But I expect ag as usual fifty years from now to be a far different beast than the one we know today-more localized, more energy efficient,less dependent on manufactured inputs, and probably more labor intensive.

But I would not bet my little farm on the labor intensive part, except as it applies to specialty crops and fruits and veggies raised for personal consumption or local retail sale.

My guess is that the staples will still mostly be grown using industrial methods similar in principle and practice to the ones in use today.

"What advice do you have for new gardeners?"

Green side up.

(1) Start small - If you try to do too much too fast, you inevitably get overwhelmed later in the season. Pace yourself your first year.

(2) Akin to #1, start with 'easy' plants. Once it's warm (i.e., a few weeks after the last frost of the year), things like beans and strawberries are the epitome of easy. Tomatoes are the next level up, and peppers and onions are a bit harder. Also, garlic is super low-maintenance, though it's a bit late for planting any this year.

(3) I have to agree with the raised-bed camp: They're simple to devise and really make weeding virtually obsolete. Plus, you don't need a tiller, and they look more aesthetically pleasing (which is important to tentative gardeners on small plots of land) than tilled lots.

(4) DON'T OVERWATER - This might be the most common 'newby' gardener mistake. Try to give your plants a good soaking of 1 inch per week rather than several light drizzles. Again, this is where raised-beds help (i.e., better for water retention).

(5) Grow herbs - Cilantro, Sage, Thyme, Rosemary (if your climate zone is >=8), & Oregano are all extremely low maintenance, easy to start, and pay the biggest dividends in terms of return per effort (just have a look at the price of fresh herbs in any grocery!)

(6) At least TRY organic - Yes, I agree it can be a liability to attempt to be fanatically/strictly organic, but in the end doing as much as possible towards this really pays off in the long run. Trust me. There's an astounding difference in terms of pest issues in my experience b/w organic and non. Besides, compost is cheap. Give it a try, you'll be hooked. :-)

Figure out your paths and watering first

Hand/ drip/ sprinkler/flood ?

Faucets ?

Don't take on too much

(6) At least TRY organic - Yes, I agree it can be a liability to attempt to be fanatically/strictly organic, but in the end doing as much as possible towards this really pays off in the long run. Trust me. There's an astounding difference in terms of pest issues in my experience b/w organic and non. Besides, compost is cheap. Give it a try, you'll be hooked. :-)

I did, I'm over it. The longer your garden is where it is, the more the pests are attracted to it.

How do I "trust" a statement like "really pays off in the long run?" Does that mean that any other method than "organic" does NOT pay off in the long run? What, exactly, is "an astounding difference?"

As for compost...it is heavenly. But organic farmers don't own it as "their" method. People used compost for centuries before organic farmers expropriated it. AND not all organic farmers use compost. Some use sacks of blood meal, rock phosphate, seed meal, greensand, dried kelp ......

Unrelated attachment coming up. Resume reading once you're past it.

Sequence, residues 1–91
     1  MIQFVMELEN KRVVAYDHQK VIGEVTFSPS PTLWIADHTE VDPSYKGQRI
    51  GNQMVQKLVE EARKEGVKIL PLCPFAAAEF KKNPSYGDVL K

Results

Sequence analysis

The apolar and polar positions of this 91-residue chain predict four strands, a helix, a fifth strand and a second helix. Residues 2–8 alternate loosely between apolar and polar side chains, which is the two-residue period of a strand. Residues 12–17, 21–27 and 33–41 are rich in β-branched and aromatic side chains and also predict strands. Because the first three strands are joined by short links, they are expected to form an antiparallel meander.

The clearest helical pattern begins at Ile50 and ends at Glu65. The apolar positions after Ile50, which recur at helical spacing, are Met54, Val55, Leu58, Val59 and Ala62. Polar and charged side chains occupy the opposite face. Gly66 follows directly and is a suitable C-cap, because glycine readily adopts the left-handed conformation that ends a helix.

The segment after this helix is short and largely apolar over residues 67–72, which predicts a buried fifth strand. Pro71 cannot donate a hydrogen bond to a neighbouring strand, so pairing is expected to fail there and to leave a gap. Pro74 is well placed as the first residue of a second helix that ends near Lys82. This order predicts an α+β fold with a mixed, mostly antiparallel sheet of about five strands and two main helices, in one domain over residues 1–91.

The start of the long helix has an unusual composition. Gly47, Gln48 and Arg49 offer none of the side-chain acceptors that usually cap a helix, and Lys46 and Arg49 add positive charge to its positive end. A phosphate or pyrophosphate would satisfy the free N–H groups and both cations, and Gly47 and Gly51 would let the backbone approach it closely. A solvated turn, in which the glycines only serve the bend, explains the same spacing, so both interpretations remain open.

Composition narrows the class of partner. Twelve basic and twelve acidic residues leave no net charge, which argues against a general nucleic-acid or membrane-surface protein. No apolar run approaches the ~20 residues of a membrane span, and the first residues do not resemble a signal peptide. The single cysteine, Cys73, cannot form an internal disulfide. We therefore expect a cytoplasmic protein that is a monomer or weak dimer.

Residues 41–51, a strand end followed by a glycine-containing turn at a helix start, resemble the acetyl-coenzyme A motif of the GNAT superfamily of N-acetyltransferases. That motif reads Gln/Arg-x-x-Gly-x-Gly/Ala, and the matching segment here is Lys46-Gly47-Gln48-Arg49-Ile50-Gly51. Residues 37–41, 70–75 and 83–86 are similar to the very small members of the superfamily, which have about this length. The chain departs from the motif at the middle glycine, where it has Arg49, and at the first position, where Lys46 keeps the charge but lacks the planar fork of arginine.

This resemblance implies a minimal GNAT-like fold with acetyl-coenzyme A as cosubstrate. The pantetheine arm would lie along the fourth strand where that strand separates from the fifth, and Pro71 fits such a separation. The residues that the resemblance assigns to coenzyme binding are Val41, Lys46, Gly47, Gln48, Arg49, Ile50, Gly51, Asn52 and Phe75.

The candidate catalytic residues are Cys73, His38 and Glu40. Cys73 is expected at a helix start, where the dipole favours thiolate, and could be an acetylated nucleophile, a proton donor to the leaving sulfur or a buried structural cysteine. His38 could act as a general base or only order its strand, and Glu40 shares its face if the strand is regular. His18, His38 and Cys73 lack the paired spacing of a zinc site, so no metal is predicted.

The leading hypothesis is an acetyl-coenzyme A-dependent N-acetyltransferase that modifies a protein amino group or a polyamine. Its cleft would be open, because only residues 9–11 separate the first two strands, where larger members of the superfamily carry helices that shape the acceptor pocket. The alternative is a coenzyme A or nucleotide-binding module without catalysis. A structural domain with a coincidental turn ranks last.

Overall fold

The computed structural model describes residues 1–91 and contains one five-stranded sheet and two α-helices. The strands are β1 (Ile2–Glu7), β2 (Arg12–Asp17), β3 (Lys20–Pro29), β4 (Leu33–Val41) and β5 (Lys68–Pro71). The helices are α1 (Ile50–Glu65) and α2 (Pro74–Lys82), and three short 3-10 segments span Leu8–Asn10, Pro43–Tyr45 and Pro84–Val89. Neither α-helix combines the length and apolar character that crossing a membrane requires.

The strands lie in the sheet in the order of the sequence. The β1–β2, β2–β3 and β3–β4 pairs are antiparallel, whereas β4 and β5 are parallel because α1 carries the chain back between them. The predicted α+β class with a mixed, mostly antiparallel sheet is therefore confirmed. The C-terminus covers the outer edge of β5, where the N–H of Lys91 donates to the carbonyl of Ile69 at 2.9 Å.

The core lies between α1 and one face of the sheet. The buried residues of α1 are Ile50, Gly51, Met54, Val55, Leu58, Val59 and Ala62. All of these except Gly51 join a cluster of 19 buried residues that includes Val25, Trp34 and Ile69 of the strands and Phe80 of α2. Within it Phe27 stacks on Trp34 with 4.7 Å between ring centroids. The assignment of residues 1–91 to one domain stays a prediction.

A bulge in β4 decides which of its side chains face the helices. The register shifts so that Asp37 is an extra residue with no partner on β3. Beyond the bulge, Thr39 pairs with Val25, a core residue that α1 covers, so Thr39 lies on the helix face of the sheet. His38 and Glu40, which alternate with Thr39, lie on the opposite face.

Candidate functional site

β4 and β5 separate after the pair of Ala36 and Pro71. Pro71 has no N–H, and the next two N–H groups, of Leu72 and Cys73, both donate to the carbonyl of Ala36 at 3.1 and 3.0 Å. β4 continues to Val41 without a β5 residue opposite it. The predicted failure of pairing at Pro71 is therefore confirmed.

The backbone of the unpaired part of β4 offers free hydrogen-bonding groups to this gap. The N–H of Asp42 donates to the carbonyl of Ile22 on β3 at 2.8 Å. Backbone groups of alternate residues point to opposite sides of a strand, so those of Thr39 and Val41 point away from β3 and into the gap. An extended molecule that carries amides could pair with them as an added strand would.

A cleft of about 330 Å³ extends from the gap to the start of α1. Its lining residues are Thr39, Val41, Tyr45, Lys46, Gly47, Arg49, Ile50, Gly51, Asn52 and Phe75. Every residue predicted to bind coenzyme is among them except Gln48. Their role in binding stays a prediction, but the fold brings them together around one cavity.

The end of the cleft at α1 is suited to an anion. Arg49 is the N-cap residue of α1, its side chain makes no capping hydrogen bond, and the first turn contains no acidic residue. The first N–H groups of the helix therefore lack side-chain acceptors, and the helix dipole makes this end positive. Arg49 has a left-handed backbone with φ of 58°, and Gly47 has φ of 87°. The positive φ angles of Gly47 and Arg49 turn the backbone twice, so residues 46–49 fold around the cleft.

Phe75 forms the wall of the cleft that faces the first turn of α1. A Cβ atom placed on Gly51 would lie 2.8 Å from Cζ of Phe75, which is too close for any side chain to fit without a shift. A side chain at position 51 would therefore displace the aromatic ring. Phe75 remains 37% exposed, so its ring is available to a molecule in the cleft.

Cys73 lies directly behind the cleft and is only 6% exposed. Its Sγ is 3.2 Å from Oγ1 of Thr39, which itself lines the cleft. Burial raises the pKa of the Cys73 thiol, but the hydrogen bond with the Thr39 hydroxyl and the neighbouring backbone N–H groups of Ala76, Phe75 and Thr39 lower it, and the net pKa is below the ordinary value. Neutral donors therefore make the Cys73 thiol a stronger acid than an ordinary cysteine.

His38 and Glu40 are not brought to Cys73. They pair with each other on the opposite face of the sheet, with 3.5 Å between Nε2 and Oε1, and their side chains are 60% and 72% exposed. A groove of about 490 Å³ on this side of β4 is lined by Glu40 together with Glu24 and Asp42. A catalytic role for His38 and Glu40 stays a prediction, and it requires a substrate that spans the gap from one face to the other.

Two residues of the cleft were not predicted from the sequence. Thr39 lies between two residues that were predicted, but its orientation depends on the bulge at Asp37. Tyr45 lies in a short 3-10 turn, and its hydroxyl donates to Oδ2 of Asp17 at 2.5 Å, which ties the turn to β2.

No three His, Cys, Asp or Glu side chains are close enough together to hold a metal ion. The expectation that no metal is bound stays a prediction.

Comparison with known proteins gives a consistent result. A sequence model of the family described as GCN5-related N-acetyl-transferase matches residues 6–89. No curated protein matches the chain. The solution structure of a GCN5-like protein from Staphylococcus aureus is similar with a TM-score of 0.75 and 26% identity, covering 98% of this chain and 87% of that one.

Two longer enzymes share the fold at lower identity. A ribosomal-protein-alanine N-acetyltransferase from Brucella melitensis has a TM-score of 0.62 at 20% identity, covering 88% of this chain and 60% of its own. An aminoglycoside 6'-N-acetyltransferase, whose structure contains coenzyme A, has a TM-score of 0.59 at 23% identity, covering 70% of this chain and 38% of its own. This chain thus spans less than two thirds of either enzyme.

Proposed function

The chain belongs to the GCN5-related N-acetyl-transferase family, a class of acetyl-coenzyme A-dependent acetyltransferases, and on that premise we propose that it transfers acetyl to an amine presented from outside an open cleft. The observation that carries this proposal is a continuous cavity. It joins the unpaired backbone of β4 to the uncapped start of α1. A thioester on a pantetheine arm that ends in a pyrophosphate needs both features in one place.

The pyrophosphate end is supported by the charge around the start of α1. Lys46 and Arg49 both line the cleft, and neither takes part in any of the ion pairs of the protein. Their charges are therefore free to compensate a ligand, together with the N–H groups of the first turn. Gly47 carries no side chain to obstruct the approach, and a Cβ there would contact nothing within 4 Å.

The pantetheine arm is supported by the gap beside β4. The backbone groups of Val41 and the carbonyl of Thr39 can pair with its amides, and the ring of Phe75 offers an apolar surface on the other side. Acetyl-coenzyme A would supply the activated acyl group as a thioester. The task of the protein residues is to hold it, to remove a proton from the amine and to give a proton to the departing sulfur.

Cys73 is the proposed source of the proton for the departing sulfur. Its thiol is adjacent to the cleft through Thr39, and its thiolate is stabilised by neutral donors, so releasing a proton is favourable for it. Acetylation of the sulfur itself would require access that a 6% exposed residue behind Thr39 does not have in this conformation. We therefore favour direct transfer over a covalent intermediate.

"The longer your garden is where it is, the more the pests are attracted to it."


"Does that mean that any other method than "organic" does NOT pay off in the long run?"

No, my point is not to create strict dichotomy here. I'm all for seedmeal, kelp, etc... (last time I checked, those are 'organic', if you avoid the GMO meals like canola). I never said compost was the only way. However, if you choose to go for the non-organic as the norm, I'd literally bet the farm that you'll have more problems b/c chemical fertilizers throw the off the 'biotic balance'.

"How do I "trust" a statement like "really pays off in the long run?"

Nobody said you had to. I don't have time footnote and cross-reference every possible scientific journal on the subject. If it's that important to you, look up the 'evidence' yourself. Or don't, no skin off my back. I thought this 'campfire' forum was just for sharing experiences/advise. This is mine, take it or leave it.

"The longer your garden is where it is, the more the pests are attracted to it."


When I first started working at an organic farm, I asked the field manager why, given their problems with Colorado Potato Beetles, she wasn't more religious about rotation. Her laconic response was a gem:

"They fly."

My folks used pesticides originally, then moved to just picking them off by hand - if you get in early and are fastidious then it's not so bad. ALSO - try vegetable netting - they've started using that in the last year and it's amazing for keeping pests out. It looks like it would shade the plants too much but they grow just fine.

Rotation isn't for pest control, it is for disease control. The Colo. Potato Beetle will usually not wipe out an entire crop of potatoes, disease will. See: Ireland, Great Potato Blight.

That's exactly what we experienced in New England last "summer." Everyone had late blight ... yet those of us who sprayed anti-fungals managed to squeak by. Rotation was useless--it was the rain that was the culprit.

Also--I have seen CPB wipe out whole rows of potatoes at the farm where I work. I plant mine as early as I can then mulch heavily as they grow. If/ when the bugs appear, I spritz them (as I don't have the slave labor to pick the larvae off the leaves).

The one thing that the original growers of potatoes had was more than one cultivar, they had over 3,000. When we started going down the road toward monoculture plantings we distroyed the balance of how plants have been living in the wild, or even in their natural range.